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The sound of science: Recognizing species based on acoustics

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Posted December 12, 2019

Scientists are set to use data gained from ‘eavesdropping’ on nature to build a picture of Australia’s animal life.

James Cook University’s Professor Lin Schwarzkopf said scientists are developing new acoustic analysis techniques to recognize different species.

Scientists will soon begin testing the accuracy of data they’ve gathered from state-of-the-art audio gear that’s been recording animal sounds. Professor Schwarzkopf will manage the project, made possible by a grant of more than $550,000 from the Australian Research Council (ARC) and involving investigators from four other universities.

Image credit: Ivan Lojko via peakpx.com, CC0 Public Domain

Brown kangaroo. Image credit: Ivan Lojko via peakpx.com, CC0 Public Domain

“We’re aiming to use this data to better predict what will happen to animal life in Australia and the humans that depend on it.

“Improvements in computing power, storage, and cost-efficiency have opened up the possibility of using acoustics not just for single species monitoring as we do at the moment, but for large-scale biodiversity surveys,” said Professor Schwarzkopf.

The scientists will work with sound recorders at 100 environmental sites run by the ARC-funded Australian Acoustic Observatory.

Professor Schwarzkopf said biodiverse ecosystems (those with the appropriate range of animals and plants for their geographic location) provide us with clean air and water, improved soil fertility, pollination, and pest control, and are critical to human health and well-being.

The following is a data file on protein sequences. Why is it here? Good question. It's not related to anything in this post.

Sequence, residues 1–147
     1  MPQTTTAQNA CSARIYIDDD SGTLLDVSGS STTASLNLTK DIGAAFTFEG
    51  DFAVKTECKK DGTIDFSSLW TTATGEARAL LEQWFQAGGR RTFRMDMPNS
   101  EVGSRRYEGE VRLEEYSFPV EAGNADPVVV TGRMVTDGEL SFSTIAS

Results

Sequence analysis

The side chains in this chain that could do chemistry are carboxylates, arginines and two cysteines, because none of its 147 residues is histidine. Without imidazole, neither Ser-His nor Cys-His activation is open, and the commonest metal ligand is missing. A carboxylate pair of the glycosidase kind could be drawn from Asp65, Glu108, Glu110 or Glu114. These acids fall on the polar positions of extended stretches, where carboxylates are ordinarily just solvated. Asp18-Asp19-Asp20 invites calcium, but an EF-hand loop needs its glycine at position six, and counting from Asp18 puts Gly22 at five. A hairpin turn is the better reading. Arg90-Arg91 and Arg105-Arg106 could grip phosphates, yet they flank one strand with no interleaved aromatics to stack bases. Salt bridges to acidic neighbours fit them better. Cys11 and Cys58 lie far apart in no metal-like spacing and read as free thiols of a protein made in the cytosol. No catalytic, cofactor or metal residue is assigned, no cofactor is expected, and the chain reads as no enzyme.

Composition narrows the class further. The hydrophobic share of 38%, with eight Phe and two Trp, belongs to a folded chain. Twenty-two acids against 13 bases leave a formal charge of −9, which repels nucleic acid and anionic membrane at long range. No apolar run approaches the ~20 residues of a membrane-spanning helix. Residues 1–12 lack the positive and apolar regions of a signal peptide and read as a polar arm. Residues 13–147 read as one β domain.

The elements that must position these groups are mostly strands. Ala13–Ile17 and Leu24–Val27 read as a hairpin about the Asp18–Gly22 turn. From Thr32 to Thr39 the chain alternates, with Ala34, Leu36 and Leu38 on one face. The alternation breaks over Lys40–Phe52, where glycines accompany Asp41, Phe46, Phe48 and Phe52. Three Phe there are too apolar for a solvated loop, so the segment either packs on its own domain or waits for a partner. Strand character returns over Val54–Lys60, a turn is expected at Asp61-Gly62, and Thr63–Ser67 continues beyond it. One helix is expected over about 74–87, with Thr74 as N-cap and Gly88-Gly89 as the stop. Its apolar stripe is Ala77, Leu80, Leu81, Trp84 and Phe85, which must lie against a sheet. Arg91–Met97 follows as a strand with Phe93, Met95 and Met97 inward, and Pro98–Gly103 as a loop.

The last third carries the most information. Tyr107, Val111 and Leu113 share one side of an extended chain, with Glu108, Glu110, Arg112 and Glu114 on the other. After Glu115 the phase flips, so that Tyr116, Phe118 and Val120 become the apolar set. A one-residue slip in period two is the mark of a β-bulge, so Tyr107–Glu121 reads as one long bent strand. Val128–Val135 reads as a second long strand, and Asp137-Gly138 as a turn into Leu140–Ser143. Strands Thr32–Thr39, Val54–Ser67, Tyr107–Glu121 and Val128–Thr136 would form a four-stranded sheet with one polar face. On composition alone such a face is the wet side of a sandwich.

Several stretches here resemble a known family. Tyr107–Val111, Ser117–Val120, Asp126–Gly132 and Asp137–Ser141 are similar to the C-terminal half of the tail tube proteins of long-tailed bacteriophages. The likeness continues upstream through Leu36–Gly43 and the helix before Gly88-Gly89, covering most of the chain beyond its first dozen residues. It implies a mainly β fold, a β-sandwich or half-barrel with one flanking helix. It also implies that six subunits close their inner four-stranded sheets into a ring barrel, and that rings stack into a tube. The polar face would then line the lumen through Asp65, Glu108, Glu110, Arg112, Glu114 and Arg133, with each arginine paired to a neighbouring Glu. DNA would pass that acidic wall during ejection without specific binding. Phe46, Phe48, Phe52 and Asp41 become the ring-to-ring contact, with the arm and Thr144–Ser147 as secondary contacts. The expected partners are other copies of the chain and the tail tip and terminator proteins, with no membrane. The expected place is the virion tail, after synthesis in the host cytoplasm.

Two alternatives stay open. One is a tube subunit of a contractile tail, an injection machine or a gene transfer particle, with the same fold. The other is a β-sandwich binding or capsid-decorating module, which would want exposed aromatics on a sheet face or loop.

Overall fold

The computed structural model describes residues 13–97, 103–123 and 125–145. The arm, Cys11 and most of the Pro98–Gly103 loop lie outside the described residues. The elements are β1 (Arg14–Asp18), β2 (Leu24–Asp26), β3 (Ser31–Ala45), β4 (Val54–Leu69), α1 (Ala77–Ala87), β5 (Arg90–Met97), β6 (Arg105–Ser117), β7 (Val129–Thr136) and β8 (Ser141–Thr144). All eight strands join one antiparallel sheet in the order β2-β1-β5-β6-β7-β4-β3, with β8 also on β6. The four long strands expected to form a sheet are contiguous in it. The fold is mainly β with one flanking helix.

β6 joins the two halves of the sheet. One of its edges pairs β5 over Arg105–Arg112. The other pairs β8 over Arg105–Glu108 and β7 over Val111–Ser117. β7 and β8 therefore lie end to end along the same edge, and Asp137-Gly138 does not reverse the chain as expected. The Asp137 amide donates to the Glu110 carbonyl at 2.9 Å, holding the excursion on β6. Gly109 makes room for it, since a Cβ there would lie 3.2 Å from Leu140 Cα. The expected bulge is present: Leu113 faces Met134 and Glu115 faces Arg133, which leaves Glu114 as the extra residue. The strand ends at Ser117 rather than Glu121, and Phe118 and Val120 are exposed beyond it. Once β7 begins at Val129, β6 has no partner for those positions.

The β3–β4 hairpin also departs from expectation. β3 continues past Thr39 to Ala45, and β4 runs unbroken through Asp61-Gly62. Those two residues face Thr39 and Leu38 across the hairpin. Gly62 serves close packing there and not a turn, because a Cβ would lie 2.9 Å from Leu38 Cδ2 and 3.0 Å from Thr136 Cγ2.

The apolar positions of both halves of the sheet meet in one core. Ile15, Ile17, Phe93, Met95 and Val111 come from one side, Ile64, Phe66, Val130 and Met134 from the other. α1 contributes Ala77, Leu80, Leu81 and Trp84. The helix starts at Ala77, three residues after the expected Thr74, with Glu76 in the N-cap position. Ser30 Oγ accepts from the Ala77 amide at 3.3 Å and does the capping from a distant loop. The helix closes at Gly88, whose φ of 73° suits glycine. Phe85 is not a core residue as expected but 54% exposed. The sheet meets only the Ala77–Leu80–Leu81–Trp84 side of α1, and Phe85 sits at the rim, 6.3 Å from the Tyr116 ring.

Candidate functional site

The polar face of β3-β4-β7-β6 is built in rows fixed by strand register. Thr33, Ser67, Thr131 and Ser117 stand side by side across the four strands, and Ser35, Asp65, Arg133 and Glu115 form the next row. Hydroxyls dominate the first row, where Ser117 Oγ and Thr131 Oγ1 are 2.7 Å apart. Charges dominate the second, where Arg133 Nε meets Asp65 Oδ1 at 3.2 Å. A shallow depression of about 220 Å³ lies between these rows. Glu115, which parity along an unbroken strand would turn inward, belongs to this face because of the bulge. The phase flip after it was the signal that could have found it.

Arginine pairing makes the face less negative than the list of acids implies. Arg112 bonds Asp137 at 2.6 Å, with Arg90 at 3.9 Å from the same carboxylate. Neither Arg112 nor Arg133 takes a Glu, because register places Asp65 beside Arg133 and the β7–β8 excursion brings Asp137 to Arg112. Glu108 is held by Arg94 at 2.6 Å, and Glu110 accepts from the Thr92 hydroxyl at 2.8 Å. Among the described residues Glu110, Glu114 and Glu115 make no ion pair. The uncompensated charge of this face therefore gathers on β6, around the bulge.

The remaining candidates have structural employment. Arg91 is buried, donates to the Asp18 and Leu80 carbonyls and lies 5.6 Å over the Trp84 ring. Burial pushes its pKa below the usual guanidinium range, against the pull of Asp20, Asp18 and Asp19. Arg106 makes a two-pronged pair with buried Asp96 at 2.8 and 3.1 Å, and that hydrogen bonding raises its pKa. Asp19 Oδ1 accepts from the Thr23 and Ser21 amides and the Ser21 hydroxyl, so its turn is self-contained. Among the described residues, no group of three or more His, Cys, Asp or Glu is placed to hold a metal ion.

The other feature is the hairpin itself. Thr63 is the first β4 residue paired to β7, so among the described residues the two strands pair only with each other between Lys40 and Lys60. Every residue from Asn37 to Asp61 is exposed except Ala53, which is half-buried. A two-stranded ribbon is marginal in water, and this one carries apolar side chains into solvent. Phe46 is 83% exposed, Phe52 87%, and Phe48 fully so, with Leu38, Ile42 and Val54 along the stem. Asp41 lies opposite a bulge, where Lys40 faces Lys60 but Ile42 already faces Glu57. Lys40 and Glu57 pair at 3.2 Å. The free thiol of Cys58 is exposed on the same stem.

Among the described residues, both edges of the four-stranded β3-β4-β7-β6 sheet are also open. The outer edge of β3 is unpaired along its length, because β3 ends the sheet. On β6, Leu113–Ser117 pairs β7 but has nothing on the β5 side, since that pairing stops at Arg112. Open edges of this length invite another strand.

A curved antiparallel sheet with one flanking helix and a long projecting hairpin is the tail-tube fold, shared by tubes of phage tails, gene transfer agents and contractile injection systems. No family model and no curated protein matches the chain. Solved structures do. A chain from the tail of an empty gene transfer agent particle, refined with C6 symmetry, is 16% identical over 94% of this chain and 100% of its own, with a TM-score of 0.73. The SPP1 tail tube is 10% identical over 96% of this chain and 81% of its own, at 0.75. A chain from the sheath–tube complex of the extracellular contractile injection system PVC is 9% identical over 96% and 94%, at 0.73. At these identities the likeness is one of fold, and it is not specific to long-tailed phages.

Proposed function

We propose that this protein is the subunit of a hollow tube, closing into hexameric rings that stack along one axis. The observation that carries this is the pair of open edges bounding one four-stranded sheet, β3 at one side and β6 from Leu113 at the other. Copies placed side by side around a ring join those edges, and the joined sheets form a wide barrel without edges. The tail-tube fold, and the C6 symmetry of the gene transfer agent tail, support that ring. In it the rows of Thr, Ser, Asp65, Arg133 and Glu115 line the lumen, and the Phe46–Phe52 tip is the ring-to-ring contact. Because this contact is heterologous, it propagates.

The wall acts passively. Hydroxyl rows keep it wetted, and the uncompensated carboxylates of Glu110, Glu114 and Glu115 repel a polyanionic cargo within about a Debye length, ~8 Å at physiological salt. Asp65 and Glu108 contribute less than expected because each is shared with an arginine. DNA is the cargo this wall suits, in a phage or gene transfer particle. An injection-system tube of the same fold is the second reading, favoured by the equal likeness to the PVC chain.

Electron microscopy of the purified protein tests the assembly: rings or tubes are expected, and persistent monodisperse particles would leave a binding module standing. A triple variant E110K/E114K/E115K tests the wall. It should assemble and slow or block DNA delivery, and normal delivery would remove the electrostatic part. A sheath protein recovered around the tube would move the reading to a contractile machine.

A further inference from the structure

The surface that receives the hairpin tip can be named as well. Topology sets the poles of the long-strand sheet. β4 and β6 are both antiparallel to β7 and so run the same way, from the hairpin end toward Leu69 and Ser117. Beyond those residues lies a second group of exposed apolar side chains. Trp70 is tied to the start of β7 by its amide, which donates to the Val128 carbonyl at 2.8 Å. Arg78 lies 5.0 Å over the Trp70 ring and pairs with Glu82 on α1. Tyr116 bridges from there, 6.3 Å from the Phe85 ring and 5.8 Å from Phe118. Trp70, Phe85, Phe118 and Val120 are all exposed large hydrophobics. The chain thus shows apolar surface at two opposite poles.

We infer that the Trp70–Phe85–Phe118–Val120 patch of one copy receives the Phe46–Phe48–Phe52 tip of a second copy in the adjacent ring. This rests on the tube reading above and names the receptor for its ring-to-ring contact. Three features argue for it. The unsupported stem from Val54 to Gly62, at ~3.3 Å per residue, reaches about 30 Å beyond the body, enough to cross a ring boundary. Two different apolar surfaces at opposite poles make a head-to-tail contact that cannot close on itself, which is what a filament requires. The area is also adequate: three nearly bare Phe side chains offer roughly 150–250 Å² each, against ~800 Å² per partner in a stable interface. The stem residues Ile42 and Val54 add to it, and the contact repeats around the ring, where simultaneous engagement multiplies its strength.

“Understanding what biodiversity we have at present is critical to understanding the operation of natural systems, including those that benefit humans. It’s vital in determining impacts of human activity, and in predicting what will happen to our ecosystem under different climate scenarios,” she said.

Professor Schwarzkopf said such new methods could be practical ways to survey wildlife in a vast and sparsely populated country such as Australia.

“Traditionally, biodiversity assessment uses prohibitively expensive and time-consuming manual surveys or potentially inaccurate predictions based on secondary observations, such as local climate and vegetation type,” she said.

Professor Schwarzkopf said despite its promise, the technology of automatic audio analysis on a large scale was still rudimentary and still had to be proven against the techniques in use now.

“We’re going to test the technology against existing techniques, then deploy it to examine biodiversity on a large scale so we understand what the audio information can tell us about the whole system. Then we will be in a position to make better predictions on what is happening to biodiversity in Australia under different scenarios,” she said.

The project will run for three years.

Source: James Cook University

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